With nearly ten terabytes of stored data and 12 mission critical servers, the National Hockey League’s St. Louis Blues featured a robust IT infrastructure common in professional sports. The largest datasets and applications hosted in house were key to the business of running a professional sports team: ticketing. The Blues’ counted on their network to do everything from processing payments to managing the logistics of how many fans might be in their arena at any given time. The historical data on hand was substantial, the business intelligence software robust, and payment processing infrastructure massive. A loss of either data or application uptime would be catastrophic, and with games to be played and tickets to be sold, there was no room for error.
Unfortunately, in early 2013, a disaster indeed occurred. A server crashed and the organization’s entire data set, including financial information of the team and its customers, was lost.
Thankfully for the team, the fans, and the league (which was in the middle of its season), the IT department of the Blues had implemented an on-premises disaster recovery solution. Within an hour, the server had been restored and operations were back online as if nothing had happened. A crisis had been averted and the long-term ramifications of the server malfunction were minimal.
But what if a disaster recovery solution hadn’t been in place? What if the team had chosen to backup its data only, but none of its applications? What if their disaster recovery plan included offsite or cloud backups that couldn’t easily be restored?
When considering a disaster recovery solution for your organization, it is important to quantify not just the risks you face, but also the true cost of downtime while you get back up and running. For a sports team hosting events every few days and processing ticket purchases continuously, hours or even days of downtime waiting for a system restore would have meant untold financial losses and a growing waterfall of business interruptions as games were cancelled and purchases denied. Perhaps your business doesn’t work on such a rigid timeline and you can afford for your restoration after a disaster to move at a slower pace. Or perhaps your organization works on an even tighter timeline (a stock trader, for example) and your entire operation might be in peril if you suffer even the slightest downtime.
Here are five tips for choosing a disaster recovery solution that fits your business and your budget:
- What are the biggest risks your organization faces? Disaster recovery solutions come in a variety of flavors and the primary determinant in what is right for your business comes down to which threats you face. Businesses along the Gulf Coast must prepare for hurricanes and physical loss while organizations in remote areas might be at risk for network interruptions due to unreliable connectivity. Large organizations are likely to have enterprise grade applications deployed across their network while small businesses are more likely to be at risk for a disaster resulting from user error. Understanding the threats to your business is the first step in disaster recovery planning.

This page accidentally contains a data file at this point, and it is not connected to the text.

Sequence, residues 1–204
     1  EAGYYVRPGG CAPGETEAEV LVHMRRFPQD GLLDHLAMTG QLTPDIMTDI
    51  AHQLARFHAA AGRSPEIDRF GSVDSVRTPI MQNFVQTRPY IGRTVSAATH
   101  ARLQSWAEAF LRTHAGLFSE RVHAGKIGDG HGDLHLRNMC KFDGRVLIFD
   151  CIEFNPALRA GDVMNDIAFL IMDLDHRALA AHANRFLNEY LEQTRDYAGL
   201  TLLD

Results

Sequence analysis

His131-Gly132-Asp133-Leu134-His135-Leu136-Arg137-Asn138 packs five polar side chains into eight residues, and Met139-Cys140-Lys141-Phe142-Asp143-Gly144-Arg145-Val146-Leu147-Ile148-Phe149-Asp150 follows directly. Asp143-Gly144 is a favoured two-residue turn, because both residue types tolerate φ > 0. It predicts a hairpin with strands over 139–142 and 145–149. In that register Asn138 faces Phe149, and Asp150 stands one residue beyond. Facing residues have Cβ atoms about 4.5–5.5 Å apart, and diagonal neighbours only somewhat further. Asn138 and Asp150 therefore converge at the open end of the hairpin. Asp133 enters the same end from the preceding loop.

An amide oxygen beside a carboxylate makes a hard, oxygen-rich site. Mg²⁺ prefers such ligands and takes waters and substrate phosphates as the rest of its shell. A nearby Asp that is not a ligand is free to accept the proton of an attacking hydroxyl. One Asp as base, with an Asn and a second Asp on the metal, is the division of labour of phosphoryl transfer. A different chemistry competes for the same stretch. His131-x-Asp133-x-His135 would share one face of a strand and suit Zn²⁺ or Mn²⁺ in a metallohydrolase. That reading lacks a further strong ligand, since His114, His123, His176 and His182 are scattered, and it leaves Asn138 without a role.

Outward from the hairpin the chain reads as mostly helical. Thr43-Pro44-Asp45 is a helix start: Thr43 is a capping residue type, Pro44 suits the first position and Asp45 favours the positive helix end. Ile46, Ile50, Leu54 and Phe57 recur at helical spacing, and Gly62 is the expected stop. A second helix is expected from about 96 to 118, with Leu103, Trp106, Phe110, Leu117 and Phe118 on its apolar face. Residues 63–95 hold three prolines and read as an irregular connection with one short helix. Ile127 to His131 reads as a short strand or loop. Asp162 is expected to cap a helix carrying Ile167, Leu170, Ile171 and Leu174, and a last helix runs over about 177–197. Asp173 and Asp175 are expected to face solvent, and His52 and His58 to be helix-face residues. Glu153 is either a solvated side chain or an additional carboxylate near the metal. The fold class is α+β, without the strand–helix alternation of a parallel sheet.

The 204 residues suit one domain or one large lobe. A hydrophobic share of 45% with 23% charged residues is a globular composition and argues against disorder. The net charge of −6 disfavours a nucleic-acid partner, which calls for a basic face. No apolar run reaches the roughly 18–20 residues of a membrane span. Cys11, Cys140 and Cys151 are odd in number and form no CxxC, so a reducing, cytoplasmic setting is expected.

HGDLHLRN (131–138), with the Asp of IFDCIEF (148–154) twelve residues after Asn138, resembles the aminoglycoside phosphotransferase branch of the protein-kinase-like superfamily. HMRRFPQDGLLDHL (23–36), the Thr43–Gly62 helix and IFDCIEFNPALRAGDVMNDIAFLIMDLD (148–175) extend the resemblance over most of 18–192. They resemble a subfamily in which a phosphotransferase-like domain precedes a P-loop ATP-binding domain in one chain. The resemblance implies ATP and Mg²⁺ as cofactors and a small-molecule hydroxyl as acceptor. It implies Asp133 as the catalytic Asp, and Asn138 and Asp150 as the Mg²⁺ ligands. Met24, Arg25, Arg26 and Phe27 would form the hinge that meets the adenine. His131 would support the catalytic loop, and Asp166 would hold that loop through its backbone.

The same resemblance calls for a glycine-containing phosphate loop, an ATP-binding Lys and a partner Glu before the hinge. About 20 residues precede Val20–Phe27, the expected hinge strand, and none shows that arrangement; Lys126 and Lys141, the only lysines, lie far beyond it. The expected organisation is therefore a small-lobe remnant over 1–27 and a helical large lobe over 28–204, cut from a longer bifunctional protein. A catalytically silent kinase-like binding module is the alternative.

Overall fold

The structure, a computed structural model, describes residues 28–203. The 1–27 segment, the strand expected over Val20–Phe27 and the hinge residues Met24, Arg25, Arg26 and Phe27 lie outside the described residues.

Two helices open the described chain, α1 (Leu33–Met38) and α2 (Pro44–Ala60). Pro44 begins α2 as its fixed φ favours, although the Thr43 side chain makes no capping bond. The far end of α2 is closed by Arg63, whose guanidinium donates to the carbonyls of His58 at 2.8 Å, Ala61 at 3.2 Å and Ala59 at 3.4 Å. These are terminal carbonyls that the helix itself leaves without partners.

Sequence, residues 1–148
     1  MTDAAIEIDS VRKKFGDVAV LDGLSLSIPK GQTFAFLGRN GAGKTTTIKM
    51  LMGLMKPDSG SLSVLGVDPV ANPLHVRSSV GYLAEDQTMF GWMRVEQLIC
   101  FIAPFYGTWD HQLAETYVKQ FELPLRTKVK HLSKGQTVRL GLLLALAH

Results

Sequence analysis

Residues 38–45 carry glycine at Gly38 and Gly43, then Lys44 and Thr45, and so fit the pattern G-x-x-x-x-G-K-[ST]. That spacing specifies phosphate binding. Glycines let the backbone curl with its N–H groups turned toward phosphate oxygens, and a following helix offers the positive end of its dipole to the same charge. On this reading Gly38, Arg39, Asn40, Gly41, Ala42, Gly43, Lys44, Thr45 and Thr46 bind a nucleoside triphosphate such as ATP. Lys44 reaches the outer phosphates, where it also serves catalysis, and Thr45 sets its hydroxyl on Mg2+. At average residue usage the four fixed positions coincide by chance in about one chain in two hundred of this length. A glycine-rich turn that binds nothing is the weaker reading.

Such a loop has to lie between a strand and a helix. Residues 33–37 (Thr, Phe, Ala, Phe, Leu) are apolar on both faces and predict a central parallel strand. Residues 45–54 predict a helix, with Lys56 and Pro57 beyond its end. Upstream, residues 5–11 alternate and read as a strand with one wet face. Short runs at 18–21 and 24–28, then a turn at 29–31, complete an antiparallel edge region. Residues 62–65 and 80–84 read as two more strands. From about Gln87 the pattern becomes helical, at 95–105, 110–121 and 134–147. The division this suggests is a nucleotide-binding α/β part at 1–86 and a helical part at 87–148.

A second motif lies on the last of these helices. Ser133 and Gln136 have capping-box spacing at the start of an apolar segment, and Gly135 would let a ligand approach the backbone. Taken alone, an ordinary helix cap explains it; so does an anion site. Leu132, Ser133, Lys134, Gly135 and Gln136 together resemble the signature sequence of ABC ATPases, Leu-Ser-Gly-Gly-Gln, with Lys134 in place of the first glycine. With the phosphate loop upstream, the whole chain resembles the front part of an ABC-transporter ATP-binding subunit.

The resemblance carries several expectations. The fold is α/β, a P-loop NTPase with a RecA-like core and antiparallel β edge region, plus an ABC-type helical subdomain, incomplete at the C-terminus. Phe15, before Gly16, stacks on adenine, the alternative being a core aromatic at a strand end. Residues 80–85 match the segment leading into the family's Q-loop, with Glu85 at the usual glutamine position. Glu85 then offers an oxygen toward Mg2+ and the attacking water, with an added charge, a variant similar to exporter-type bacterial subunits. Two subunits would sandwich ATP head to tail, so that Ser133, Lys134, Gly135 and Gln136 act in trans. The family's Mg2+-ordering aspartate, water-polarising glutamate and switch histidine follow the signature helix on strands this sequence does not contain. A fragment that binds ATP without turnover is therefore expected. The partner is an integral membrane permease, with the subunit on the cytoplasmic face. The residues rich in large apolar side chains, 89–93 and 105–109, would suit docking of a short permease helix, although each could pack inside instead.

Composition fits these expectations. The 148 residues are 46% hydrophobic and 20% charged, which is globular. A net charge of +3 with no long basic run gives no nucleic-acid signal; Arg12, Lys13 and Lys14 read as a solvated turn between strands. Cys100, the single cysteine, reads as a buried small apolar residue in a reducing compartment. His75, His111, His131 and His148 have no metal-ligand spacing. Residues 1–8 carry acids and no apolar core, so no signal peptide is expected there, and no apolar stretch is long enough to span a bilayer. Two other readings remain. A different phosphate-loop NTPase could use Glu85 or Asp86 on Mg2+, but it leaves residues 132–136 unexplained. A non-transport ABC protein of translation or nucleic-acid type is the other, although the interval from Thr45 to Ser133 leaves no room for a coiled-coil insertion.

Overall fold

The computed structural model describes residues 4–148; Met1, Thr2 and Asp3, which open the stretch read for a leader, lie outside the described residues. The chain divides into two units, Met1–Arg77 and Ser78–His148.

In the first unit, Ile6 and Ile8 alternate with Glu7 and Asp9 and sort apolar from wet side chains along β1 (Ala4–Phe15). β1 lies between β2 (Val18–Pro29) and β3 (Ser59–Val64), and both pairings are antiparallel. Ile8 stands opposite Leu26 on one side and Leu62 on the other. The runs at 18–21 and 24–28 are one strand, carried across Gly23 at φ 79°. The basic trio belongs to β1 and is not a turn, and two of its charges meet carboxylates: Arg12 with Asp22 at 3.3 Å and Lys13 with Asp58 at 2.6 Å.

- What is worth saving? Some organizations have mission-critical data that simply cannot be lost. Other organizations don’t retain much data but have workflows and automations that have taken hours and hours to integrate. What is most important to your organization? The more you need to save, the higher the price tag. When balancing budget with need, take note of what is critical to your business and focus on those things first and foremost.
- What is downtime worth? For fast paced businesses like stock trading and eCommerce, even a moment of downtime can mean substantial revenue loss. For non-digital industries like consulting or training, a service interruption is inconvenient, but not nearly as crucial. Once again, the speed of recovery will be determined by the size (and cost) of your DR solution. Plan accordingly.
- Does the solution fit your network? Many disaster recovery solutions are kept off-site, meaning a service restoration is facilitated by your internet connection. If you have terabytes of data that must be restored, as in the case above, then an on-site DR appliance is in order. Otherwise, you might be waiting days (or weeks) for a full restoration.
- Who will manage the disaster recovery plan? In a moment of crisis, your disaster recovery plan needs to be initiated with ease. A complex plan relying on multiple outside vendors or systems can contribute to increased downtime and service interruption. A robust disaster recovery and data backup plan may seem like a great idea in theory. Just take care not to make the system so complex that actually using it is beyond the ability of anyone available to help.
Disaster recovery planning is not a one-size-fits-all practice. Each organization has unique needs, so each disaster recovery plan must be tailored to those specific needs. Despite the best intentions, a crisis or disaster can be compounded by having chosen the wrong solution. Using the guidelines above should help your organization find a disaster recovery solution that fits your needs and budget, meaning you can sleep better at night knowing your network can be restored efficiently in the event of an incident. Click here if you need assistance in determining what disaster recovery and data backup solution is best for your company!